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Immunity

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Immunity Defenses Against Disease Immunity The ability of the body to resist disease. First studied by Edward Jenner in 1776. He found that he could use fluid from a ... – PowerPoint PPT presentation

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Title: Immunity


1
Immunity
2
Defenses Against Disease
Lymph nodes makes lymphocytes.
White blood cells engulf microorganisms.
Cilia in respiratory tract sweep away debris.
Spleen filters out bacteria.
Stomach acid kills bacteria.
Skin acts as a barrier.
3
Immunity
  • The ability of the body to resist disease.
  • First studied by Edward Jenner in 1776.
  • He found that he could use fluid from a cowpox
    sore to vaccinate against smallpox (often fatal).

4
How Immunity Works
  • The body is able to tell the difference between
    self (its own cells and molecules) and
    nonself (foreign cells and molecules).

5
How Immunity Works
  • The reaction of the body to nonself cells is
    called the immune response.
  • This involves destroying or neutralizing foreign
    cells or molecules with white blood cells and
    lymphatic tissue.

6
The Immune Response
  • Antigens cause the immune response to happen.
  • Most antigens are proteins, but some are
    carbohydrates and nucleic acids.
  • Most microorganisms and toxins contain antigens.

7
The Immune Response
  • Recognition and destruction of foreign antigens
    is the job of the lymphocytes.
  • Lymphocytes are made in the bone marrow of the
    embryo and are stored in lymphoid tissue.

8
Two Types of Lymphocytes (B T)
  • Each lymphocyte has receptors for only one
    antigen.
  • When the receptors recognize the antigen, the
    lymphocytes become activated.

9
Activation of B Lymphocytes (BLs)
  • When BLs are activated, they enlarge and divide
    repeatedly to form two different cell types
  • 1. Plasma Cells
  • 2. Memory Cells

10
1. Plasma Cells
  • Plasma cells secrete antibodies, which are
    proteins that react specifically with antigens
    and inactivate them.
  • Antibodies have active sites that fit a
    compatible site on a certain antigen.

11
Antigen-Antibody Reactions
  • There are many different types of antibodies and
    they inactivate antigens in five different ways.

antigens
antibodies
12
Antigen-Antibody Reactions
  • 1. Agglutination Antigens are clumped together
    and thus inactivated.
  • 2. Precipitation Antibodies form a complex with
    the antigens, and the complex settles out.

13
Antigen-Antibody Reactions
  • 3. Neutralization Antibodies combine with
    antigens, inactivating the toxic site of the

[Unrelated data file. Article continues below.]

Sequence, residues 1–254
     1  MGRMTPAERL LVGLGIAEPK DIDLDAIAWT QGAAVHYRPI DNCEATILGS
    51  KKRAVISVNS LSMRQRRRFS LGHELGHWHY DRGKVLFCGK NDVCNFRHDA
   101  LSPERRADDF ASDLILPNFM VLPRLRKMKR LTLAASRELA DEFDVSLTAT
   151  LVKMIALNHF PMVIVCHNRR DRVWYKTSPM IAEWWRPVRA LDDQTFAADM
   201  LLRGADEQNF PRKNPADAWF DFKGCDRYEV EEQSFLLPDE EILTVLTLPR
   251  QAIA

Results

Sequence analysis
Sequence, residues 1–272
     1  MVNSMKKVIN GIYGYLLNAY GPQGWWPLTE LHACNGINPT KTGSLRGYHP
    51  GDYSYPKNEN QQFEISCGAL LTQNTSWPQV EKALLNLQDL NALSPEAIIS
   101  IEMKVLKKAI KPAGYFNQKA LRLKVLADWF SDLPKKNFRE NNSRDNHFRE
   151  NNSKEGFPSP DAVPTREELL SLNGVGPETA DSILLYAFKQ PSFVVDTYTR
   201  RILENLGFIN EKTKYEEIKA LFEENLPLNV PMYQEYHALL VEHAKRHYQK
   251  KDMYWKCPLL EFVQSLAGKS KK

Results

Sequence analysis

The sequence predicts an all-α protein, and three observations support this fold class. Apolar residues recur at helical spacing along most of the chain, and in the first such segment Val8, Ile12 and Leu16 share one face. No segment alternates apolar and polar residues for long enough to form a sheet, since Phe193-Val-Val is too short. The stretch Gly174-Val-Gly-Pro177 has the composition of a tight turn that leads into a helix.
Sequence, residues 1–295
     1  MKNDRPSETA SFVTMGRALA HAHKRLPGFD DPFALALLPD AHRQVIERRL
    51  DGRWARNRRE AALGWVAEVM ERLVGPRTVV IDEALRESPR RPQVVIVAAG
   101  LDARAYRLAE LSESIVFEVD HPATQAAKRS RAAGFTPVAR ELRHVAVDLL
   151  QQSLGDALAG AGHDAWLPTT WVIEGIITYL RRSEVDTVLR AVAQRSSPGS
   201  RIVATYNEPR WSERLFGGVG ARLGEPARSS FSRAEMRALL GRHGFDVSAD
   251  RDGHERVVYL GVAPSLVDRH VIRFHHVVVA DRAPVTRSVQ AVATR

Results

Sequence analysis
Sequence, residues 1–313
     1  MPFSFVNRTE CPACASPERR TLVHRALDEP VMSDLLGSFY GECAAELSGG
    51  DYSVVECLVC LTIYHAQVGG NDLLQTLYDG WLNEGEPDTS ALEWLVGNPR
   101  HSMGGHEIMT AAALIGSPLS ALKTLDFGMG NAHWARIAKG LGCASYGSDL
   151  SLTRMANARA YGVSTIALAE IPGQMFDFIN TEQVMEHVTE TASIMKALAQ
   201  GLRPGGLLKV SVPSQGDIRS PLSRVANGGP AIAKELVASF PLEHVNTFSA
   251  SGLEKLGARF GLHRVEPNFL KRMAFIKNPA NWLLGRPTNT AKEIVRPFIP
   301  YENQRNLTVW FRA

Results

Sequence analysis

antigen molecule.

14
Antigen-Antibody Reactions
  • 4. Lysis Antibodies cause the cell membranes of
    the antigenic microorganisms to burst.

15
Antigen-Antibody Reactions
  • 5. Complement System The complement system is a
    group of enzymes in the plasma. The
    antigen-antibody complex activates these
    enzymes, which attack the antigenic material.

16
2. Memory Cells
  • The memory cells stay in the lymphoid tissue.
  • If the same antigen enters the body, the memory
    cells will immediately produce antibodies against
    it.

17
Activation of T Lymphocytes (TLs)
  • When TLs contact an antigen, they divide rapidly
    and make more TLS.Some stay in the lymphoid
    tissue as memory cells.
  • Other TLs pass into the circulatory system and
    body tissues, where they combine with the
    antigens and destroy them.

18
How Lymphocytes Make Antibodies
  • Click here for animation.

19
Types of Immunity
  • Three main types of immunity
  • 1. Inborn Immunity
  • 2. Acquired Immunity
  • 3. Passive Immunity

20
1. Inborn Immunity
  • Does not involve antibodies.
  • Present in all humans from birth.
  • Prevents humans from becoming infected with
    certain types of bacteria and viruses.
  • Ex. Feline leukemia affects cats not humans.

21
2. Acquired Immunity
  • Two ways to get it
  • 1. Contracting a disease-Ex. Chicken pox. Memory
    cells will,stay in the body and produce
    antibodies.
  • 2. Vaccination-Vaccine serves to stimulate the
    production of specific antibodies to certain
    antigens.

22
3. Passive Immunity
  • Does not last long (about one month).
  • Body destroys the borrowed antibodies.
  • Fast acting.
  • Found in babies who get antibodies via mothers
    milk.
  • Helps protect child for a few months.
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